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Sustainability and Green Business in Latin America during Globalization Waves

Geoffrey Jones ()
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Geoffrey Jones: Harvard Business School, General Management Unit

No 19-009, Harvard Business School Working Papers from Harvard Business School

Abstract: This working paper examines the impact of modern business enterprise on the natural environment of Latin America during the globalization waves between the nineteenth century and the present day. It argues that although global capitalism created much wealth for the region, this was at the cost of massive ecological destruction in Latin America. During the first global economy considerable wealth was created from the exploitation of natural resources for the land-owning elite in Latin America, at the cost of large-scale ecological destruction. During the Great Reversal in the mid-twentieth century, public policies aimed at "catching up" resulted in the co-proliferation of hydro-electric schemes and resulting co-creation of ecological damage by firms and governments. In the new global economy since 1980, renewed economic growth and consumerism resulted in mountains of waste in increasingly polluted mega-cities. Biodiversity and the natural environment have been challenged across the subcontinent. However there were interesting positives as these ecological horrors also created opportunities for a surprising cohort of green businesses across sectors ranging from beauty and health to eco-tourism. In the twenty first century both business and governments in the region needed to address sustainability issues far more seriously, before a point of no return was reached.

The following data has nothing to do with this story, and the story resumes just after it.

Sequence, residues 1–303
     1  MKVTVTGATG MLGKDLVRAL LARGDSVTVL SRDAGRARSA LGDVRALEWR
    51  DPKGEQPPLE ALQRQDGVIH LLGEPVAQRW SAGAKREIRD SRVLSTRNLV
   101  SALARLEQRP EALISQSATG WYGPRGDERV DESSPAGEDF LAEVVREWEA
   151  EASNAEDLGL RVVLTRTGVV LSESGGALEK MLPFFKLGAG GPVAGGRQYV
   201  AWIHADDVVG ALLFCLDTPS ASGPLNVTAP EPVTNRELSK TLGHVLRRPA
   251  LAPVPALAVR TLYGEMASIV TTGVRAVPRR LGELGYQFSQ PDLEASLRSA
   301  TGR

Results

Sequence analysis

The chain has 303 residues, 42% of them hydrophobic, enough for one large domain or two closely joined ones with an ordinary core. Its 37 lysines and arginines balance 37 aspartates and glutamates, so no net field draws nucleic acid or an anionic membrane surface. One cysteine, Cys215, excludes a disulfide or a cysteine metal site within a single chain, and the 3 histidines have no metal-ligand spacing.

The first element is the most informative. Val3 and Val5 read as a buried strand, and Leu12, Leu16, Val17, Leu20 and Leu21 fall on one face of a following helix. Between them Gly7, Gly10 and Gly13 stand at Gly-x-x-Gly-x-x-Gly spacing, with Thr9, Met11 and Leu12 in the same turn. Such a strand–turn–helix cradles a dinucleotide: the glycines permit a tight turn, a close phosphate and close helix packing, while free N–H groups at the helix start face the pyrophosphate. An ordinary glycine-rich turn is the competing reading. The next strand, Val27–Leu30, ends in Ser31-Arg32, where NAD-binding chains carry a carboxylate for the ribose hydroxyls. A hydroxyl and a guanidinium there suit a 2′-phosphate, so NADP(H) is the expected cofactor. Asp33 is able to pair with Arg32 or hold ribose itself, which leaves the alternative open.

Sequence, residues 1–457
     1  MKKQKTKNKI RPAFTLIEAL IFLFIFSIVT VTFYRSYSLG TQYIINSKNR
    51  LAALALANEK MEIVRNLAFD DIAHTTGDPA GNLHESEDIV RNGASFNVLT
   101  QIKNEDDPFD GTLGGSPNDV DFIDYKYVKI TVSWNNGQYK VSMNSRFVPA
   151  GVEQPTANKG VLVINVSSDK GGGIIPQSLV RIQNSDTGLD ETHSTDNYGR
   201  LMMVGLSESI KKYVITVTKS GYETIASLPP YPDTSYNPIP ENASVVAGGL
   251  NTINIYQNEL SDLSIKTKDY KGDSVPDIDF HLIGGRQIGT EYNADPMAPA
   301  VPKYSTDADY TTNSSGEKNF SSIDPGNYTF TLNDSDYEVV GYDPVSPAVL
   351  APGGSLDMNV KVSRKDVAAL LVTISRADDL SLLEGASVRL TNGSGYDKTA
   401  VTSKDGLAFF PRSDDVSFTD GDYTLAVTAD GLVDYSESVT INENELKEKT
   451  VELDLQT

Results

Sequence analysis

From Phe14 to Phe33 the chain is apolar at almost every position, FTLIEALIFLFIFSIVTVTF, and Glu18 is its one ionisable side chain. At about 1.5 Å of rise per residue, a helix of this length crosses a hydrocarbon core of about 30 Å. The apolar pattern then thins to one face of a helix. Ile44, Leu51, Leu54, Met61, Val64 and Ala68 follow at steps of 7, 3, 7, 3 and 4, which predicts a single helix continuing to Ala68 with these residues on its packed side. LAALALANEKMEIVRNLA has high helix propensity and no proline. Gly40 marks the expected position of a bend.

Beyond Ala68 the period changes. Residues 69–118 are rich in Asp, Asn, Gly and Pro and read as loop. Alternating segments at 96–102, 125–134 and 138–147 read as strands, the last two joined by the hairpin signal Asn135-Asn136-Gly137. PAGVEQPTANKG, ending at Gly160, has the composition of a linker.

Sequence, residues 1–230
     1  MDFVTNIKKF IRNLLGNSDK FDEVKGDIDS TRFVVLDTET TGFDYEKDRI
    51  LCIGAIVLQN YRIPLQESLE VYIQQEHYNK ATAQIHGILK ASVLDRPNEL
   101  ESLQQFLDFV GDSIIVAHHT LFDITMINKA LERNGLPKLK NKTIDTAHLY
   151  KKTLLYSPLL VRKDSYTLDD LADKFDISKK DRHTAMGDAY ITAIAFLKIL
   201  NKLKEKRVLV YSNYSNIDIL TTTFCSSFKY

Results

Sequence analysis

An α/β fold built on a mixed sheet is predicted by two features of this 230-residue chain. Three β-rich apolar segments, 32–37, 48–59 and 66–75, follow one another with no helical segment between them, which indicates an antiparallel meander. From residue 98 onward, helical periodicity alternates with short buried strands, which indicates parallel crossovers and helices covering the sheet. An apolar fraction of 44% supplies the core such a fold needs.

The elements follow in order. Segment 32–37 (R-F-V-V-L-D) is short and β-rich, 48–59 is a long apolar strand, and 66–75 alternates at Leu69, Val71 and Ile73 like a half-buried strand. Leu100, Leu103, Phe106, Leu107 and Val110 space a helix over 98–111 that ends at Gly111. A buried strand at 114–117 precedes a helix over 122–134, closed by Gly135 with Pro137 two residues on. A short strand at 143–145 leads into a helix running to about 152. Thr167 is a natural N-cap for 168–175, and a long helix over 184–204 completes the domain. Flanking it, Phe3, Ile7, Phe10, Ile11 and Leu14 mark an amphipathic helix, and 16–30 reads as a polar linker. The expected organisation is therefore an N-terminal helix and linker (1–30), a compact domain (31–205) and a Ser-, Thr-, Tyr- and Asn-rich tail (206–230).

Pages: 33 pages
Date: 2018-08
New Economics Papers: this item is included in nep-agr, nep-env, nep-his and nep-lam
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Persistent link: https://EconPapers.repec.org/RePEc:hbs:wpaper:19-009

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